WASHINGTON – Two airborne planes — one landing and the other taking off — came within a half-mile of colliding at John F. Kennedy International Airport on Friday in the second such incident at the airport in a week, the Federal Aviation Administration said.
The FAA moved quickly to change takeoff and landing procedures at JFK on perpendicular runways — the kind of runways involved in both incidents.
FAA spokeswoman Laura Brown said a Delta Flight 123 was arriving at the airport Friday when the pilot decided to abort his landing and execute a "go-around" — a routine procedure often used during heavy congestion. That caused the Delta flight to intersect with the flight path of Comair Flight 1520, a regional jet that was taking off on another runway.
The FAA ordered new procedures Friday afternoon to change the way takeoffs and landings on perpendicular runways are sequenced, Brown said in an interview with The Associated Press.
The new procedures are designed to ensure "that aircraft of one runway clear out of the path of the other runway before the second flight comes down on the other runway," Brown said. "We've had two events recently and I think we want to make sure the appropriate safety margins are in place."
Last Saturday, a Cayman Airways flight was landing at JFK when the pilot decided to abort the landing a fly around the airport again as a LAN Chile jet was taking off. Their flight paths crossed, bringing the planes within about 200 feet of each other vertically and a half-mile horizontally. The National Transportation Safety Board is investigating that incident.
On Friday, the Delta jet, a Boeing 757, and the Comair plane, a Bombardier CRJ9, came within 600 feet of each other vertically and a half-mile horizontally, the FAA said.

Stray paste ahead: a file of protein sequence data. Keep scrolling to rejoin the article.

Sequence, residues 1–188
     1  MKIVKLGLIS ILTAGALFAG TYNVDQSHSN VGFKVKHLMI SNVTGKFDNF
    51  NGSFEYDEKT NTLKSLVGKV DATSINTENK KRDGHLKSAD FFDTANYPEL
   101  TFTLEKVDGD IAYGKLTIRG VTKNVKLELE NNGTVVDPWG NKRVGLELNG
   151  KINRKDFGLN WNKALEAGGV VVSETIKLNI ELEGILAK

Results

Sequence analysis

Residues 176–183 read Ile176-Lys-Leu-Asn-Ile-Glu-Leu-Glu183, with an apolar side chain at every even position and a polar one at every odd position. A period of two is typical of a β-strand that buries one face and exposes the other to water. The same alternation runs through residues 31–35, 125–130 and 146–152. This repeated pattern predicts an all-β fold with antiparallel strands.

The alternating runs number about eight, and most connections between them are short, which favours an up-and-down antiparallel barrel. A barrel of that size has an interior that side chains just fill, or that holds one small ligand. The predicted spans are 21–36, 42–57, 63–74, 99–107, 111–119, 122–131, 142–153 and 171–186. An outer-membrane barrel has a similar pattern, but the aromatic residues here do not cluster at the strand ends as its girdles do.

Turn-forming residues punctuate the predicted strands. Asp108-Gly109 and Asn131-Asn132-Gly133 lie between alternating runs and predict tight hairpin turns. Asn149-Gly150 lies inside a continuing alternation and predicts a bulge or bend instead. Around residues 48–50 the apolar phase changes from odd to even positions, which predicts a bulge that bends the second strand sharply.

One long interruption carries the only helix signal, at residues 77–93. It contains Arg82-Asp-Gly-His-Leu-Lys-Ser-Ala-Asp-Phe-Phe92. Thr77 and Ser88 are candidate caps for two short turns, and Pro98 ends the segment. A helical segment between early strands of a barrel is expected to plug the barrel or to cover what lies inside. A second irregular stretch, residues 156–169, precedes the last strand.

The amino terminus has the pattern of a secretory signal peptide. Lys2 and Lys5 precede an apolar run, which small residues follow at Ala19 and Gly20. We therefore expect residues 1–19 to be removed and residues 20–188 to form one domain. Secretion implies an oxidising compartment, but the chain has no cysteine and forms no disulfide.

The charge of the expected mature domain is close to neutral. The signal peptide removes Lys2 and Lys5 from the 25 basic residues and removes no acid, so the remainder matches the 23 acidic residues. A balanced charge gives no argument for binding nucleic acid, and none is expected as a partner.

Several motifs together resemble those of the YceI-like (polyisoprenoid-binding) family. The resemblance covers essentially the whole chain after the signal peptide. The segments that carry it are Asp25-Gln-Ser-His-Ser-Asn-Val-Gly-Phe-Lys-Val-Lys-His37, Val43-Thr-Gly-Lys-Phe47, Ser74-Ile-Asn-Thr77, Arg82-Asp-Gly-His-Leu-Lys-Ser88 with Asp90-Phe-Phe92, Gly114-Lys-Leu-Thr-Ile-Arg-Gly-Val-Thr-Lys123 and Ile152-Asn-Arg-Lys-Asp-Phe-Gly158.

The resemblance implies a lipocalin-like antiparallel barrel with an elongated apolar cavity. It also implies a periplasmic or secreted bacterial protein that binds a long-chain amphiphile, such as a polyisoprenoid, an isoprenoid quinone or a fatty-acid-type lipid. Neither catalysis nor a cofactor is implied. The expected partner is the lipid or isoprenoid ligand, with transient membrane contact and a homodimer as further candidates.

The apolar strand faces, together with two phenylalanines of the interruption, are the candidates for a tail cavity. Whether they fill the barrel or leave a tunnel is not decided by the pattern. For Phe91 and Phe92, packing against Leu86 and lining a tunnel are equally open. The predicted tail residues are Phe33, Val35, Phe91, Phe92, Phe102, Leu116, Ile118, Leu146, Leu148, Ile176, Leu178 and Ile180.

The agency said it was not classifying either incident as a "near collision" because there was no violation of standards for how apart planes can fly, Brown said.
Delta spokeswoman Gina Laughlin initially said the incident took place a week ago on July 4. However, Laughlin later told The Associated Press that the FAA was correct, and the incident took place on Friday at 1:20 p.m. Comair is a subsidiary of Delta.
"This did happen today," Laughlin said. "This is what we call, and what the FAA classifies, as a 'proximity event."'
Laughlin said she didn't know how many people were aboard the Delta flight, which came from Shannon, Ireland, but the plane seats 170 passengers.
Dean Iacopelli, a representative for the New York National Air Traffic Controllers Association, said the FAA has "terminated that perpendicular simultaneous approach procedure."
Barrett Byrnes, who president of the controllers union at the JFK tower, said controllers have long sought the procedure changes.
"The FAA put out an order to JFK to no longer use that approach. That's exactly what we wanted to happen," Byrnes said. "We've been trying to change that for the last 12, 13 years. It's been an accident waiting to happen."
Friday's incident began when the Delta flight was handed off from the FAA's traffic control center in Westbury, N.Y., to the JFK tower as the plane prepared to land. In the handoff, the Delta pilot apparently wasn't using the communication frequency the flight was assigned to communicate with the JFK tower, Brown said.
The JFK tower and the Delta jet did not establish contact until the flight was 1.5 miles from touching down on the runway, Brown said. The flight was cleared to land by the tower, but the pilot decided to abort the landing, Brown said.